a range of technologies to attempt to counter U.S. and other militaries’ ballistic missile defense systems, including maneuvering re-entry vehicles, MIRVs [multiple independently targetable reentry vehicles], decoys, chaff, jamming, thermal shielding, and ASAT weapons. PRC official media also cites numerous Second Artillery Corps training exercises featuring maneuver, camouflage, and launch operations under simulated combat conditions, which are intended to increase survivability. Together with the increased mobility and survivability of the new generation of missiles, these technologies and training enhancements strengthen China’s nuclear deterrent and enhance its strategic strike capabilities.24
China’s nuclear arsenal has remained small, consistent with its nuclear strategy, even as technical constraints on building a larger, more sophisticated arsenal have eased. But are China’s nuclear doctrine and the Second Artillery training consistent with the publicly articulated strategy? Although the official campaign outlines and combat regulations for China’s nuclear forces are classified documents inaccessible to Western scholars, enough internal doctrinal materials have become available to permit an assessment. Broadly speaking, doctrinal materials and published reports about Second Artillery Corps training are consistent with Chinese public statements about nuclear strategy such as the white paper quoted above. The principles originally articulated by Mao and Deng have continued to guide Chinese nuclear strategy and campaign planning even as technical and resource constraints on development of advanced nuclear forces have eased.25
Debates within the Chinese nuclear community have periodically challenged these principles. One discussion in the early 1990s considered a shift to a limited nuclear deterrent with a broader mix of nuclear capabilities that would support nuclear warfighting, but this debate concluded by reaffirming the deterrence and countercoercion principles that had historically guided Chinese nuclear strategy.26A debate in 2005–2006 questioned whether a no-first-use policy was viable given U.S. advances in conventional precision strike capabilities (which might target Chinese nuclear missiles) and missile defenses (which might intercept the limited number of Chinese ICBMs that survived a conventional first strike). Although China did not modify its official description of its no-first-use policy, subsequent statements by officials and military officers created a degree of ambiguity about whether a conventional strike against Chinese nuclear assets or command and control systems constituted a "first use" that justified nuclear retaliation.27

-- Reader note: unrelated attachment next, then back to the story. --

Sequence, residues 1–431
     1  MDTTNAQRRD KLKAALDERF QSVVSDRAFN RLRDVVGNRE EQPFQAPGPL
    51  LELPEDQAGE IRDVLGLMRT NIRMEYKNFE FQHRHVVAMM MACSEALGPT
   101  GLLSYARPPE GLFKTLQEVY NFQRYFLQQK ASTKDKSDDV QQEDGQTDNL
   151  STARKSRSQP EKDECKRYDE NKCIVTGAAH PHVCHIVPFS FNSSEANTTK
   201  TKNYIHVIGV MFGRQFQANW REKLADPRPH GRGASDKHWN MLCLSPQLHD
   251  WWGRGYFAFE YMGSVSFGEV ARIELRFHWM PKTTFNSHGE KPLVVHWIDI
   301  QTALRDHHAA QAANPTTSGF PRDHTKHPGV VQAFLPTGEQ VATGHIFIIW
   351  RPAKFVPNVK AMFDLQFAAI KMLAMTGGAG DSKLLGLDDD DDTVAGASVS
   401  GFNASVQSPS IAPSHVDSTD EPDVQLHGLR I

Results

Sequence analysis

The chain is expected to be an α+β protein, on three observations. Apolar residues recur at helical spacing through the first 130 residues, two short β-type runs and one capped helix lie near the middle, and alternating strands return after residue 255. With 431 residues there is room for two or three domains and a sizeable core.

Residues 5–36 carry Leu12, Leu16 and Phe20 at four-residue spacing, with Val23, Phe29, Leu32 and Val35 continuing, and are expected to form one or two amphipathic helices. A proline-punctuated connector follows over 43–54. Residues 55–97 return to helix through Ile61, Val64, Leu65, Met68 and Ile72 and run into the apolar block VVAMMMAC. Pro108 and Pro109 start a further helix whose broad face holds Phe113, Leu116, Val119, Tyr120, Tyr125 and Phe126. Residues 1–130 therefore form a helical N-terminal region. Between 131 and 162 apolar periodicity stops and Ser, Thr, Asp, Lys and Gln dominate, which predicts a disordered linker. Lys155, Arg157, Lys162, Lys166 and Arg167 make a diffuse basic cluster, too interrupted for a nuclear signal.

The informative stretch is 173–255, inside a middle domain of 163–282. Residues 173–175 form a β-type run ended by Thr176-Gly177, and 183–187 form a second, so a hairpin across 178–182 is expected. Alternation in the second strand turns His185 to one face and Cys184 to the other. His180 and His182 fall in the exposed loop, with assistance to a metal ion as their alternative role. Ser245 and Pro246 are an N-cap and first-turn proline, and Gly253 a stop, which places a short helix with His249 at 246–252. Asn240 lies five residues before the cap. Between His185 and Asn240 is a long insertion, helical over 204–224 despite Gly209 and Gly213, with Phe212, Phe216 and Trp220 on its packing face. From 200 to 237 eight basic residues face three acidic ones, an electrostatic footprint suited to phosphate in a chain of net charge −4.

We know little about what China’s top civilian leaders in the Politburo Standing Committee—the actors who would decide whether China should employ nuclear weapons—think about nuclear weapons use or the role of nuclear weapons in crisis situations. The fact that these leaders have little military experience and likely have not been exposed to academic thinking about nuclear weapons (and nuclear dangers) may be grounds for additional concern.28At the end of the day, Chinese leaders, like other leaders in other countries, are acutely aware of China’s vulnerability to nuclear attack and are likely to be cautious in situations having the potential to escalate to an exchange of nuclear weapons.
Chinese thinking about space emphasizes its importance across a wide range of economic, scientific, and military applications. The 2006 space white paper lists the aims of China’s space activities as being: